Coming of age is a funny little thing. It seems to be an endless road with turns of bad decisions, constant red lights standing in your way, and second long thrills of faster good rushes. Cullen Omori seemingly bypassed these in an intoxicating mix of being frontman of Chicago's indie rock darlings, the Smith Westerns, long stretch tours and bus parties. Drugs, sex, and rock n roll.

Since their breakup in 2014, Cullen bounced from odd-end jobs to get out of the house and find who he really is, including a stint at a hospital when the sounds of the Top 40 drenched his creativity. His debut album New Misery is a woozy blend of upbeat pop sensibilities lined with distant vocals and edged with electronic frills. Taking you on a trip, psych guitars swirl into fizzy distortion that spins in a sugar rush. So dizzy you fall into a spell of confused melancholy.

Sweet and swinging 'Hey Girl' and swooning 'Two Kinds' capture puppy-love emotion with lovely harmonies and cutesy melody. Whilst opener 'No Big Deal' cocktails bold synth with a crystalline vocal that trills. 'Sour Silk' twists surf rock riffs and high pitched, almost angelic choral chorus. Cullen reflects with gentle instruments and uncertain falsetto, before shaping guitar into danceable rhythm. Each track is as welcoming and comforting as the one before, remedying gentle vocal and smudging haze and lusting hooks, just sharp enough to dig into the subconscious.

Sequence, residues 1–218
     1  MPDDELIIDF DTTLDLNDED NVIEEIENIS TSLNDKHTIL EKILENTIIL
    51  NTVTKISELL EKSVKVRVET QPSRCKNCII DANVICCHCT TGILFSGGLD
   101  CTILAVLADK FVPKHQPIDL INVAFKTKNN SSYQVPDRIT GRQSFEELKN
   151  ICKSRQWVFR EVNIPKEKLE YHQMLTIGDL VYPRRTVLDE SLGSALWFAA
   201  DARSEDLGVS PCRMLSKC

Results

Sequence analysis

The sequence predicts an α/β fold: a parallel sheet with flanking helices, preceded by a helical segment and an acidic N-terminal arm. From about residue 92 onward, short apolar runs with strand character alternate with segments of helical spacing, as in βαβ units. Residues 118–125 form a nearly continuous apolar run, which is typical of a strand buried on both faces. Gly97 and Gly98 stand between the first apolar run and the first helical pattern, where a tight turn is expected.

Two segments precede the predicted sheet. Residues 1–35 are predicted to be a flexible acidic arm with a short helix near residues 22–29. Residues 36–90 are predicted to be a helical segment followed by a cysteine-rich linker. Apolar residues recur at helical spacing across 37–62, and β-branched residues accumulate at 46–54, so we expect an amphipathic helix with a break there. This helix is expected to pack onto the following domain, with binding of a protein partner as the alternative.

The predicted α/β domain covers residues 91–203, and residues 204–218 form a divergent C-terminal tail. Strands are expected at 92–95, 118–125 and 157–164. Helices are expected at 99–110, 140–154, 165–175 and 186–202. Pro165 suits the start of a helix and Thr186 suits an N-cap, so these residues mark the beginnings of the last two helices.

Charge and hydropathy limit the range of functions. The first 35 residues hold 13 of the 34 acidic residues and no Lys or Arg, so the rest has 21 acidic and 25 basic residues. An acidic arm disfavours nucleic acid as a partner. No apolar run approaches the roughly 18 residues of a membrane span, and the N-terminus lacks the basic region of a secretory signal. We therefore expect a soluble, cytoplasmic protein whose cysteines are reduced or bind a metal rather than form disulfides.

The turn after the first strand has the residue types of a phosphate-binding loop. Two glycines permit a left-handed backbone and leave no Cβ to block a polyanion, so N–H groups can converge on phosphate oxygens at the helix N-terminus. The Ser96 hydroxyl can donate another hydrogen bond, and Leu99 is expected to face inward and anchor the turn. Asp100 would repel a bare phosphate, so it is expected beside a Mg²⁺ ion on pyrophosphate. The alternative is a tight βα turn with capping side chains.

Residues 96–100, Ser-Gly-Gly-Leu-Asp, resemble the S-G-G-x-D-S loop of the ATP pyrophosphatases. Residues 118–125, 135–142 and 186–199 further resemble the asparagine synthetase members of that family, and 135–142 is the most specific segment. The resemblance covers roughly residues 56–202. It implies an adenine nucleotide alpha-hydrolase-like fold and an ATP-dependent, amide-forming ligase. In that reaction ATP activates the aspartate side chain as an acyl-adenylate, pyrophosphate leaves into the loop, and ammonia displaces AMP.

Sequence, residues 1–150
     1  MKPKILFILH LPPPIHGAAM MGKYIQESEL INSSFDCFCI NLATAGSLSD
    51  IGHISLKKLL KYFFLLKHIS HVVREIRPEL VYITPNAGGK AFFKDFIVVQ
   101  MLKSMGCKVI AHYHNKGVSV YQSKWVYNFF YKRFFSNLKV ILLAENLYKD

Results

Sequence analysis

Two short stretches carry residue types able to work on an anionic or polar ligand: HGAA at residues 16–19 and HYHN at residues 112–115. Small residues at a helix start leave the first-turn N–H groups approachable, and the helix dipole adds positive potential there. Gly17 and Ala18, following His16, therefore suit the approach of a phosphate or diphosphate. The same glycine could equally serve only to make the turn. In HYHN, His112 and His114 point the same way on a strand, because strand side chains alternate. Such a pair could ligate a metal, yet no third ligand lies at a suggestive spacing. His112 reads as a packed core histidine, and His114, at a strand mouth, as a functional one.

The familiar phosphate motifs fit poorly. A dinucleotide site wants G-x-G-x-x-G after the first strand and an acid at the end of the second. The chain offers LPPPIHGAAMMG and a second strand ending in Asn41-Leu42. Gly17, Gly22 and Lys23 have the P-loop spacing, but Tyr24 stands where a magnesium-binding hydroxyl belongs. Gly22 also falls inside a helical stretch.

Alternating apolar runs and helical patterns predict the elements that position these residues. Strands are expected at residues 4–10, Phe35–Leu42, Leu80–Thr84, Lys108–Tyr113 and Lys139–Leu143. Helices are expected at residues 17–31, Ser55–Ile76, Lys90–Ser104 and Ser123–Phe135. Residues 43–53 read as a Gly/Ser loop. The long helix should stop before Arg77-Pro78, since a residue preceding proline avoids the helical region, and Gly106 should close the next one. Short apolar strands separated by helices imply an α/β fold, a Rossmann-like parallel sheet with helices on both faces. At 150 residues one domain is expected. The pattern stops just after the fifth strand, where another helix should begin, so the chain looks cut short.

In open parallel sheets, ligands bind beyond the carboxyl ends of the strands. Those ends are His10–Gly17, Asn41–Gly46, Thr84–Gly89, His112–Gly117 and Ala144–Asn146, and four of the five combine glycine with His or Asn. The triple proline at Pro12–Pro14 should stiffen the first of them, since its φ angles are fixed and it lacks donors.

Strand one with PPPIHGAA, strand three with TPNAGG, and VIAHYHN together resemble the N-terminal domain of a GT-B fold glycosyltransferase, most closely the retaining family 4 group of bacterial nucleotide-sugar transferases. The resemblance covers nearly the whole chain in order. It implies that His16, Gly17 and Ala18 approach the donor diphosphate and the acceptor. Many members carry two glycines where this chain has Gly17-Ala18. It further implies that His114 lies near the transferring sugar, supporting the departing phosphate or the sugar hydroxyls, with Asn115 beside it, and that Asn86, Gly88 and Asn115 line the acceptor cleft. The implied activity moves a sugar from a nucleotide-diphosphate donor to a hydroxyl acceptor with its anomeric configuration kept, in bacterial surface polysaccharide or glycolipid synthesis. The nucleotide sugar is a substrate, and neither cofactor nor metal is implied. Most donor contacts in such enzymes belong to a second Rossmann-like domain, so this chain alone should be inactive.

Latest single 'Cinnamon' pops with vibrancy and moves with subtle disco surges. To hear the words, you really must break past the intoxicating beats and infectious groove, and pin your ears back. The same applies to all, as Cullen's thought provoking and dark lyricism crawls beneath its music adornment, you must unlock it to really appreciate the contrast. To know what the letter to his mother said, or why his nose is always running. To know whether it's enough to just be happy, or whether it brings new miseries. Pro-love or anti-love, natural happiness or drug induced highs, liquid confidence or subtle shyness? These songs are to be interpreted by the listener. Is distortion the most peaceful place in your mind?